More than 500 Saudi clothes and textiles traders say they have incurred losses of up to $80m after long delays clearing containers at Jeddah Islamic Port, it was reported.
The traders claimed bureaucracy and the absence of a clear mechanism to inspect goods and clear them quickly were the reasons behind the delays, which had surged from three days to three months, the Al Madinah daily reported.
They said the goods had to be sold during season, but the delays meant they were forced to sell them at low prices.
Muhammad Al Shehri, chairman of the clothes and textiles committee at the Jeddah Chamber of Commerce and Industry, told the newspaper the crisis developed after big cargo companies refused to ship traders’ goods to Jeddah Islamic Port because their ships had to wait for long periods at the port.
Al Shehri said the committee had taken the traders’ complaints to relevant authorities and demanded customs provide a clear mechanism for inspecting goods and handing them over efficiently.
The traders said the specified maximum turnaround time in clearing goods at the port was one month, but some had to wait three months. They said goods used to be handed over within three days.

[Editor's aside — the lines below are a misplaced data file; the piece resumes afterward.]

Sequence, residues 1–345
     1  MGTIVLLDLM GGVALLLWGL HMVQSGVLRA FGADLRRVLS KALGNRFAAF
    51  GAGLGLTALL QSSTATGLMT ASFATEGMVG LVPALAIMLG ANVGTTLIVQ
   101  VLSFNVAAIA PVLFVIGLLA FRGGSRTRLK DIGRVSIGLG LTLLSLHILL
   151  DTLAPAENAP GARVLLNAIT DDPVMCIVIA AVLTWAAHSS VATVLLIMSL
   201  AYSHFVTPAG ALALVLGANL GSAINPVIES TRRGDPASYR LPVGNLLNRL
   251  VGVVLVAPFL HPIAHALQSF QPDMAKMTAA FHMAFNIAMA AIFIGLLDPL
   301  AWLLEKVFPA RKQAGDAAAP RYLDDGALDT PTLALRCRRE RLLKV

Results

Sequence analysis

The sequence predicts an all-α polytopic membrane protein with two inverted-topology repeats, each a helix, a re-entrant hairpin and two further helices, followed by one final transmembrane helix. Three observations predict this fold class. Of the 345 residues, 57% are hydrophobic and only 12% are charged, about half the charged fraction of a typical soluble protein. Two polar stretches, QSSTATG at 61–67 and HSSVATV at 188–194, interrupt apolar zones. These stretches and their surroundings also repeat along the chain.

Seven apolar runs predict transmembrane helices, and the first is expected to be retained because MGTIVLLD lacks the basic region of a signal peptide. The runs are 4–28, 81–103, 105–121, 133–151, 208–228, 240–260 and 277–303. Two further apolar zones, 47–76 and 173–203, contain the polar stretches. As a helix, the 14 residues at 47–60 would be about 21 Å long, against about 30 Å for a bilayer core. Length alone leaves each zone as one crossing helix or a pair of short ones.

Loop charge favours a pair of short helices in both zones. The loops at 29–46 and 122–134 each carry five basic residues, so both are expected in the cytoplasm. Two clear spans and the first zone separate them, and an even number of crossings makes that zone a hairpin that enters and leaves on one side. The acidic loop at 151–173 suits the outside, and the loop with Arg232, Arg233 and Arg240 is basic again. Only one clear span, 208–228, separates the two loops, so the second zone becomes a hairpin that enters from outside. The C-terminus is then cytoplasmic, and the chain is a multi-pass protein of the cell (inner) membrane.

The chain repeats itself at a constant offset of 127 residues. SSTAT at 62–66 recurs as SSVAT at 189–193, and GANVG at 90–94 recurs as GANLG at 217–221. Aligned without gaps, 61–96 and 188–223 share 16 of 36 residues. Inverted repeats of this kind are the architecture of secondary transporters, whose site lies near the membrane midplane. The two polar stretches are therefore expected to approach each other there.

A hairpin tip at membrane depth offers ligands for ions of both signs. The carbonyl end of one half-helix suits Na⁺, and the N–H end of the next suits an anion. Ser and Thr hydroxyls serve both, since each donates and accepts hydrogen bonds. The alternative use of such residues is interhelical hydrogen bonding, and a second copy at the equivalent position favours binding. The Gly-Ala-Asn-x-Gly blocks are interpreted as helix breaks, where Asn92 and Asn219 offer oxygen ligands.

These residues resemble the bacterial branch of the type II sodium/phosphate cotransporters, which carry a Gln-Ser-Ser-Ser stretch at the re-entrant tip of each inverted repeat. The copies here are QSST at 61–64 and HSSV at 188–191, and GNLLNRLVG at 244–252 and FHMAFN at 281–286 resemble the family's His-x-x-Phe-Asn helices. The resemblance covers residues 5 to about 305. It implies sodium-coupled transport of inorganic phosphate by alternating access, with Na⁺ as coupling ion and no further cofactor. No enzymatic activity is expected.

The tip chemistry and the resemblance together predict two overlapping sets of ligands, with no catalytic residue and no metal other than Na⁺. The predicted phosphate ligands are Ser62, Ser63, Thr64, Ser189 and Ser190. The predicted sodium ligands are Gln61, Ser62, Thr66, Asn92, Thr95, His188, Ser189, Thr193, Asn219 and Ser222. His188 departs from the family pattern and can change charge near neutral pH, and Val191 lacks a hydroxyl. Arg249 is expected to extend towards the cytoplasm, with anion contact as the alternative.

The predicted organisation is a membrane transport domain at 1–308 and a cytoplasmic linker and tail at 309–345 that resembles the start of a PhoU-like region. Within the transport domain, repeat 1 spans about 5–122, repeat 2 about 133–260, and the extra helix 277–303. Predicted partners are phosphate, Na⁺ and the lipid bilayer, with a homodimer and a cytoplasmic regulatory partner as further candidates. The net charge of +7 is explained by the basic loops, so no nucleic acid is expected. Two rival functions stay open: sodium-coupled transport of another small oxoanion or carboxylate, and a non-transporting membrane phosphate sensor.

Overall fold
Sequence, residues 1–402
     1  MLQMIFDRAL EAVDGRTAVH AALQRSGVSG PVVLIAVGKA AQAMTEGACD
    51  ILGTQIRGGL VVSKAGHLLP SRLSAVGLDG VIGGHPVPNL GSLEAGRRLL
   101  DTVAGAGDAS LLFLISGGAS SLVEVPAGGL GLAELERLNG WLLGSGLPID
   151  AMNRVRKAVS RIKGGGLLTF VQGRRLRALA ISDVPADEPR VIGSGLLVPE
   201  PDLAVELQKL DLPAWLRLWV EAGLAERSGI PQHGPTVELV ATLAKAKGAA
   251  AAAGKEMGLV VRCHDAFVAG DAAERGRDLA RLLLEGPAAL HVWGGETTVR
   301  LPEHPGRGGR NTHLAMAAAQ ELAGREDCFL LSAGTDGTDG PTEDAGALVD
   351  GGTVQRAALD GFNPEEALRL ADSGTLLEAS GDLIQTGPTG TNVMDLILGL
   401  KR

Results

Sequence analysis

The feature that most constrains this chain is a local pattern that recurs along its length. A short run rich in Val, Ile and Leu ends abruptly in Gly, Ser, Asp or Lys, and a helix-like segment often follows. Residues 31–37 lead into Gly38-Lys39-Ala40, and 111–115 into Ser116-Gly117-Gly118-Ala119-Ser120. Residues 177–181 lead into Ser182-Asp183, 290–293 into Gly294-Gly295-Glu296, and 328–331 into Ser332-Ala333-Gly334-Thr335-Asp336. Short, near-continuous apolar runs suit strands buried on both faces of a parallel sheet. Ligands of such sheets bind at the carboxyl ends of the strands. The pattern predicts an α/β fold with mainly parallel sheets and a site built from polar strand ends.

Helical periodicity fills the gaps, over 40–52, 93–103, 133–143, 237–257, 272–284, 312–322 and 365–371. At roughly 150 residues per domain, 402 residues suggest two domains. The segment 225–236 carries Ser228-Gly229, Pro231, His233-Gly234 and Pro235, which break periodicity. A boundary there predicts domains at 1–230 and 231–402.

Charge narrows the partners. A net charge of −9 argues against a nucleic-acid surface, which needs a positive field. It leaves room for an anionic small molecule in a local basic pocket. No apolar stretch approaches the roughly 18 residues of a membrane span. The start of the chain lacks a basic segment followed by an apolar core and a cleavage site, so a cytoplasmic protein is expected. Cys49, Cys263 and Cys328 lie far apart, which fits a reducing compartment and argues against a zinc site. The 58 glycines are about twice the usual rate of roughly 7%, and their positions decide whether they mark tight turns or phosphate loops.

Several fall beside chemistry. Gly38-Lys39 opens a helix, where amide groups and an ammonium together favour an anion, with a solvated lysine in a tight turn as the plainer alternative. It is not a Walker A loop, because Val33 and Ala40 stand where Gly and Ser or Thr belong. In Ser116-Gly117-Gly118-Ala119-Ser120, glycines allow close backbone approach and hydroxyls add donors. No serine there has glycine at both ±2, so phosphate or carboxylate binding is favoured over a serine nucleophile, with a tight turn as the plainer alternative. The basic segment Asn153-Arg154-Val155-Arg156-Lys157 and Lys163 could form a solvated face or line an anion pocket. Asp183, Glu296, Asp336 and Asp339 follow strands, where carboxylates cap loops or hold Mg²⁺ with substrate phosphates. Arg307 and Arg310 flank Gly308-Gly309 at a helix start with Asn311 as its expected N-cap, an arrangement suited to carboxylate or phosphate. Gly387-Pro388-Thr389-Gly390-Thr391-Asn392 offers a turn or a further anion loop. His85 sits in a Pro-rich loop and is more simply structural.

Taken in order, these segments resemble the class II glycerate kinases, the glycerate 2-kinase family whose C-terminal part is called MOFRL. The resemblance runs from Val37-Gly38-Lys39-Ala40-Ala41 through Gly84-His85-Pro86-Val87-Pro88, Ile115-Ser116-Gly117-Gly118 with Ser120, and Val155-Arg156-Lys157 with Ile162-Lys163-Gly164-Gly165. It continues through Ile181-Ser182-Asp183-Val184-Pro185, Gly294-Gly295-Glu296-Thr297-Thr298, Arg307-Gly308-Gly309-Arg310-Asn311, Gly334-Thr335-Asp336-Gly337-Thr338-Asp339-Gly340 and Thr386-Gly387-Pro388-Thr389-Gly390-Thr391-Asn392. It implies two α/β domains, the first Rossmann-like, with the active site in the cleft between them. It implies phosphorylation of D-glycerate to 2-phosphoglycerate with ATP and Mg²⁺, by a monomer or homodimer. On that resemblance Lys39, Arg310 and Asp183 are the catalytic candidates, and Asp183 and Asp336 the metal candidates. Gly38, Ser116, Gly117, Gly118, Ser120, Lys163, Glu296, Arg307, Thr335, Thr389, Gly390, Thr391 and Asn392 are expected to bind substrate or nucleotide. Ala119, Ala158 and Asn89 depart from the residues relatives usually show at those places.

The Saudi Gazette said the traders also accused port employees of being unprofessional, claiming they often lost product data or transported goods in garbage bags instead of placing them in suitable boxes.
Al Shehri was quoted as saying: “The committee has referred traders’ demands to the Saudi Standards, Metrology and Quality Organisation (SASO) to implement clothes and fabrics standards similar to other countries of the world.”
“They also demanded that the specifications follow international standards that are renewed every three years and not the way they are currently imposed by SASO,” he added.